The Fiestas

Jumping on the recently-hot stereo bandwagon (which a lot of smaller R&B labels weren't doing), the third single, "Good News," smacked of "So Fine" and sank. "Dollar Bill" was better, but another hit did not seem to be in the cards. A fifth member, Bobby Moore, was added and sang lead on "You Could Be My Girlfriend," a frenzied plea that made its point in under two minutes. Moore and Lane split from the others in '61 and popped up on the Strand label doing "Come on Everybody" as the Fiestas, but with new backing singers. Old Town's Fiestas moved forward with replacements for the two defectors, Randy Stewart (who penned the group's later B side "The Railroad Song") and Jimmy ("I'm not a "Handy Man") Jones, while Bullock made a soulful solo record for Old Town, "I Wonder Why," as Tommy Andre. By mid-'62 the original Fiestas lineup was back in business and tighter than ever with the happier-sounding-than-the-title-suggests "Broken Heart," a mostly-unison-growling-sax-stereo-soul-shot that finally returned them to the pop listings and into the top 20 of the R&B charts late that summer.

With another hit, the guys had a new lease on life and were able to take advantage with eight more Old Town singles over the next three years, though the only one to show up on a national chart was the late-'62 "Broken Heart" follow-up "I Feel Good All Over." Some of the act's most enjoyable records came out during that time including "The Gypsy Said," "The Party's Over" (Fiesta's over? Not yet!) and their finger-snapping take on Arthur Alexander's fabulous "Anna." When Weiss cut them loose in '65, the group temporarily disbanded. Bullock teamed with Cleveland Horne and laid down some decidedly funkier Gene Redd-produced tracks for Checker in '66 and '67 including "I Don't Want To Share Your Love" and a gotta-hear-it-to-believe-it remake of The Everly Brothers' 1958 chart-topper "Bird Dog." Also, Bullock again donned the Tommy Andre guise for "One More Try" on the Broadway label.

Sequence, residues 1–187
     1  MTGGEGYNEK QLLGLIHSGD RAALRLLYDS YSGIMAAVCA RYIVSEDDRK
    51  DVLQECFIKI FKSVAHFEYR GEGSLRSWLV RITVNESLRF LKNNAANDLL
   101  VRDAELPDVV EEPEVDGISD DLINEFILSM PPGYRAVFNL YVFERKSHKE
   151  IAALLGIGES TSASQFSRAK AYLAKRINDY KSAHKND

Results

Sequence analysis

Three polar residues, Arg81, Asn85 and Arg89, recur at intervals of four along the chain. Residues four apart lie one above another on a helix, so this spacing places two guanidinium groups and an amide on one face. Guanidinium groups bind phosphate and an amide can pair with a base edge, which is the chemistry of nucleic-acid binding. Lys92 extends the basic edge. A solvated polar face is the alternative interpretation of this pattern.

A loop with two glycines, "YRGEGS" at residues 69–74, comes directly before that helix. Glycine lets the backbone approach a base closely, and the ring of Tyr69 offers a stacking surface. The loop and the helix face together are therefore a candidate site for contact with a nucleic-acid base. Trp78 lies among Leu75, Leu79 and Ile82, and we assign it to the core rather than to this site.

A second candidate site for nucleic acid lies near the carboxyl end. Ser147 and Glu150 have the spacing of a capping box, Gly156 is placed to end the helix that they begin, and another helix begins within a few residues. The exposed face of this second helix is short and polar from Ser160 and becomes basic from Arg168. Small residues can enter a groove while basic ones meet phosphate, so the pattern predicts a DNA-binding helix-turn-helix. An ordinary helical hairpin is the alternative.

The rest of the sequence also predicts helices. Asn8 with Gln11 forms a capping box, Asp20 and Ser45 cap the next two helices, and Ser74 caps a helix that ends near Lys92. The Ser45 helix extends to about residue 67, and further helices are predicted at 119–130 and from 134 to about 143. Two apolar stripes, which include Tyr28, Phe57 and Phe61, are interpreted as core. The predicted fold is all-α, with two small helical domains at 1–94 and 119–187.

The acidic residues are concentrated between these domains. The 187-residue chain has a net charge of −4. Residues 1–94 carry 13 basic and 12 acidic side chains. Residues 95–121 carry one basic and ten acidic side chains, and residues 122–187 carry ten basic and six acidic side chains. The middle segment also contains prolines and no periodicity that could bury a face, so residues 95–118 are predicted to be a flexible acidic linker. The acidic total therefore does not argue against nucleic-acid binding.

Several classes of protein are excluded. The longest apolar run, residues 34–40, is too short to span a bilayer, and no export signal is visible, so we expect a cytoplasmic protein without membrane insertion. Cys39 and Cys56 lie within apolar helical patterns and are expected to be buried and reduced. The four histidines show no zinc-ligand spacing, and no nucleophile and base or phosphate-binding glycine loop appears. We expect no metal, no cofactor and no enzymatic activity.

In the 1970s the Fiestas reunited and rerecorded "So Fine" at least a couple of times. Still going for it in '77 and '78, the quartet discoed-on-down with "Tina (The Disco Queen)," an overblown-but-fun track written by Sir Mack Rice and former Fiesta Randy Stewart; after this and one other single on the Chimneyville label, the group wrapped things up with a couple of singles for Clive Davis's Arista Records. Sometimes the first impression is the best; "So Fine" stands as The Fiestas' defining moment. Singers far and wide count it among their favorites; I don't believe it's an exaggeration to say that hundreds of versions have appeared in several genres. Three of those remakes each notched a spot on the charts: a hot acoustic guitar-based version by Ike and Tina Turner in 1968, a Johnny Rivers quick-hook in '73 as part of a "Searchin'/So Fine" medley and a countrified Oak Ridge Boys rendition from 1982.

- Michael Jack Kirby


So Fine